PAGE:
Outside magazine, May 1995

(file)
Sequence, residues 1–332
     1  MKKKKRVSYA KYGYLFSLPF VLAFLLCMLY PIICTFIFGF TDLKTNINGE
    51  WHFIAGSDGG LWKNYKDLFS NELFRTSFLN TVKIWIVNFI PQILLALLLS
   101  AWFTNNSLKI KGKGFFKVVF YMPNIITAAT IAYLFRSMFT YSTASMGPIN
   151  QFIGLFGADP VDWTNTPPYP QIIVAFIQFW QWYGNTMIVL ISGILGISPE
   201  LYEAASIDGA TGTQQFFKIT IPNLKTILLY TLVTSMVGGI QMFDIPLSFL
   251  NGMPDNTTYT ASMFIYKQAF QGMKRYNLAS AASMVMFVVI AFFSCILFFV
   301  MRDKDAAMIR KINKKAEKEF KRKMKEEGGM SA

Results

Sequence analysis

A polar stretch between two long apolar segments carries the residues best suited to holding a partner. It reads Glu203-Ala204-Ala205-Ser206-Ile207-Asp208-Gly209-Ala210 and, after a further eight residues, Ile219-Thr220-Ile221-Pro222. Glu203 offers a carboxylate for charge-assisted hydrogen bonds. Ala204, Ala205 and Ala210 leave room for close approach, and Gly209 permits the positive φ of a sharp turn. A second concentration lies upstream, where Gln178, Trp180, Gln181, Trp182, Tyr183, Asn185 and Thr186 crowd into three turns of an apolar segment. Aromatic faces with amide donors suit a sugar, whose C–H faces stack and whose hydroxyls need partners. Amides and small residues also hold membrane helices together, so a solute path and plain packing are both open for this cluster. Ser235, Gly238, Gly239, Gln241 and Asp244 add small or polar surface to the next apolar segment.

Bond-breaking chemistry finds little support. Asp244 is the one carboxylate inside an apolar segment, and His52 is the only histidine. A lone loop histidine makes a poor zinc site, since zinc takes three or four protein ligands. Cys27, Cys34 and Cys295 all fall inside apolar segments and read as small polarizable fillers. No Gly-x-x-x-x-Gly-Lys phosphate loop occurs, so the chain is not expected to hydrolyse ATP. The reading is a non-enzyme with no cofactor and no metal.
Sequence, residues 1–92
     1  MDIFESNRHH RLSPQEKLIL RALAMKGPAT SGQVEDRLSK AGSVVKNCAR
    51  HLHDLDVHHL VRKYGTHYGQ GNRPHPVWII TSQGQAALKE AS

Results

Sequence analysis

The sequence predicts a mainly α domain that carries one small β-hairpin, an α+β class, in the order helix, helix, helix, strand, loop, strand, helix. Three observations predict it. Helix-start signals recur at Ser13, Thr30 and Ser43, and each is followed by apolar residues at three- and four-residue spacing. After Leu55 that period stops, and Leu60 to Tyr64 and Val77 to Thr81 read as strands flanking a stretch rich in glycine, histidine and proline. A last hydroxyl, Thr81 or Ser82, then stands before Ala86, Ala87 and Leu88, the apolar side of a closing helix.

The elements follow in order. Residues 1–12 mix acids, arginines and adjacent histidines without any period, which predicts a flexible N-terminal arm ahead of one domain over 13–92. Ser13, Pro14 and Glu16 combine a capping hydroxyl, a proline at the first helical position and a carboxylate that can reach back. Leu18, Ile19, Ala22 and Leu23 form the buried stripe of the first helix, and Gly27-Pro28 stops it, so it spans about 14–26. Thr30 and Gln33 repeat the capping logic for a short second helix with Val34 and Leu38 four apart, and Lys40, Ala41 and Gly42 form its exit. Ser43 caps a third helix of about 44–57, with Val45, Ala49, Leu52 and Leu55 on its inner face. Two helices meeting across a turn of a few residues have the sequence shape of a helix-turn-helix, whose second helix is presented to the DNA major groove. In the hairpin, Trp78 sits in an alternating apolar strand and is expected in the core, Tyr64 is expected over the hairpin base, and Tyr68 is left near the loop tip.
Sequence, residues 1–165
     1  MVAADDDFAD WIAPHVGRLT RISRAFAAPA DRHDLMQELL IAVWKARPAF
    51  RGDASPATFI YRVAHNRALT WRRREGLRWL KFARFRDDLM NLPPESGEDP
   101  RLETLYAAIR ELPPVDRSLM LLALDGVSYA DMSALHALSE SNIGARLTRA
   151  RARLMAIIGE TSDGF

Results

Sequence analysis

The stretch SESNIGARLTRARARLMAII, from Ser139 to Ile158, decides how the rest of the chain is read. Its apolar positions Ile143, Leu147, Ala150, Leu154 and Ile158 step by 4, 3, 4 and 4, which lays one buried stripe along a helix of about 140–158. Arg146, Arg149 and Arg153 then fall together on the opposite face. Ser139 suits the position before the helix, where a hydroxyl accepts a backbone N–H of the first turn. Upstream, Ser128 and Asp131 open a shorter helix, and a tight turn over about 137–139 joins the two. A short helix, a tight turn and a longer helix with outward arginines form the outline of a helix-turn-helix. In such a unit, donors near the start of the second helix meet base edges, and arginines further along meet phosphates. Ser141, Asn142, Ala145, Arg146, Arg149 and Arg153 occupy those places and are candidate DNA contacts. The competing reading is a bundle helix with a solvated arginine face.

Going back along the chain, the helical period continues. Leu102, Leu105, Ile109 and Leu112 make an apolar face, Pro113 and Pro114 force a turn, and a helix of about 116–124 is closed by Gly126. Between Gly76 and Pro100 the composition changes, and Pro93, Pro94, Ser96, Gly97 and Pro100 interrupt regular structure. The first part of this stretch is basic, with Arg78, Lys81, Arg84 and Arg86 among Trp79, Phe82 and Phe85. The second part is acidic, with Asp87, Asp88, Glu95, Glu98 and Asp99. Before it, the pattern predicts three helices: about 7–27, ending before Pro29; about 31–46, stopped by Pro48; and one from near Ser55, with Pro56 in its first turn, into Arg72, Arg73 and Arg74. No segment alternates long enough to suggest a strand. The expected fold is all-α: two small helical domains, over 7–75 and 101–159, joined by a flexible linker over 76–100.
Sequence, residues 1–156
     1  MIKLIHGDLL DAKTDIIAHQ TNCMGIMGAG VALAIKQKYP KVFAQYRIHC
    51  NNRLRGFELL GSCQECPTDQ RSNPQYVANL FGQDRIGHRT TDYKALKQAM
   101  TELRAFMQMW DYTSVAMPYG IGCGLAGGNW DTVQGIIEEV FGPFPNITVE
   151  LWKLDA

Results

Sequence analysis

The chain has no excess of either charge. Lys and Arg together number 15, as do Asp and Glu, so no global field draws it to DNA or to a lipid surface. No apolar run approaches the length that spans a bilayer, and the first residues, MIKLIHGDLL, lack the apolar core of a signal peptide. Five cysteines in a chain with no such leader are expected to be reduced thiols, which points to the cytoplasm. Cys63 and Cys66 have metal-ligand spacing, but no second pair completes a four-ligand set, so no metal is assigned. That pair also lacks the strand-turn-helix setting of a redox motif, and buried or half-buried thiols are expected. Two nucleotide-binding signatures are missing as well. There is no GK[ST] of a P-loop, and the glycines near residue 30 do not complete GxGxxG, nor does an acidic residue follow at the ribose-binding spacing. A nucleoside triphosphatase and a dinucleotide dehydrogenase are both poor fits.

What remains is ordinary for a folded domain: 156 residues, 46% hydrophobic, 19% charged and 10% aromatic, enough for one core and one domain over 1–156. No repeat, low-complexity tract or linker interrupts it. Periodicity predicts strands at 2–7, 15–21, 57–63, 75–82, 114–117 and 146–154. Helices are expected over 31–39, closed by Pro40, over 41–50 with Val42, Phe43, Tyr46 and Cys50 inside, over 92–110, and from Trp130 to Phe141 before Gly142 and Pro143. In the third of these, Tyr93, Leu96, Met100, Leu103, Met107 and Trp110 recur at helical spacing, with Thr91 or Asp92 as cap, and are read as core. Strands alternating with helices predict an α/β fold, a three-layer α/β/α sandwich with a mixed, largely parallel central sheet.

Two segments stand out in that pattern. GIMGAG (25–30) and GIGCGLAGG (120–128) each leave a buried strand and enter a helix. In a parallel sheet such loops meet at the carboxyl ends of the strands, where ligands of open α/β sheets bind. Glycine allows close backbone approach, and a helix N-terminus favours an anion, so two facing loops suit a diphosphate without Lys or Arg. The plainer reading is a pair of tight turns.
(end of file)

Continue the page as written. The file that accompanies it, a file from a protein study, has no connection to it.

On the surrealness scale, it was off the charts: a 50-year-old Chicago securities dealer in the gondola of a hot-air balloon that he'd flown only once before, readying for takeoff at 3 A.M. from the infield of Olympic Stadium in Seoul, South Korea. The stadium klieg lights were blaring, a full moon was overhead, and the South Korean navy and air force stood ready, willing, and able to track his flight as he ascended to an altitude of 14,000 feet over the Sea of Japan. "I'm still amazed we pulled that off," says Steve Fossett, the adventure addict who floated into worldwide headlines last February after setting a new distance record for ballooning (5,432 miles) and becoming the first balloonist to fly solo across the Pacific. Exactly how, as a private citizen, he rallied the South Korean troops for his launch is still something of a mystery, but how Fossett got into ballooning is pretty straightforward. Four years ago, he says, he looked at marathon ballooning and saw a sport whose big-time records were waiting to be smashed. In the flick of a gold card he bought a top-of-the-line Cameron Roziere balloon, put together a world-class crew of engineers and meteorologists, and learned what to do with it all during a transatlantic flight he made last August. If the whole thing sounds rather unlikely, well, thus have been the last few years of Fossett's life. The Pacific balloon voyage is only the latest and most audacious installment in an adventure and "personal achievement" spree that has seen Fossett swim the English Channel, climb six of the vaunted Seven Summits, compete in Alaska's Iditarod sled dog race, smash three solo ocean-racing world records in his 60-foot trimaran, bag the three highest peaks on Greenland, and race a sports car in the 24 Hours of LeMans. "I like a lot of sports," says Fossett, "but ballooning and ocean racing are probably the only ones where I can do something nobody has done before." To that end, Fossett says he'll come up with a new balloon project later this year. In the meantime, he'll attempt to recross the Pacific next month when he pilots his trimaran from Los Angeles to Hawaii in the Transpac sailboat race.